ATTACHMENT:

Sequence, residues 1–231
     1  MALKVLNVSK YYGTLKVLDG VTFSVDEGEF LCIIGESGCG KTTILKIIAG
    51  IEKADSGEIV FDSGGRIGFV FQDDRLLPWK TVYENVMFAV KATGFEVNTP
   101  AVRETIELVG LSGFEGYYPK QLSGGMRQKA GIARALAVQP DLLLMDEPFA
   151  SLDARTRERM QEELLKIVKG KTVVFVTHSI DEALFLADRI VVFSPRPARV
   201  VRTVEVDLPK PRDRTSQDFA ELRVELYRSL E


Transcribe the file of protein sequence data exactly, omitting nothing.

Sequence, residues 1–231
     1  MALKVLNVSK YYGTLKVLDG VTFSVDEGEF LCIIGESGCG KTTILKIIAG
    51  IEKADSGEIV FDSGGRIGFV FQDDRLLPWK TVYENVMFAV KATGFEVNTP
   101  AVRETIELVG LSGFEGYYPK QLSGGMRQKA GIARALAVQP DLLLMDEPFA
   151  SLDARTRERM QEELLKIVKG KTVVFVTHSI DEALFLADRI VVFSPRPARV
   201  VRTVEVDLPK PRDRTSQDFA ELRVELYRSL E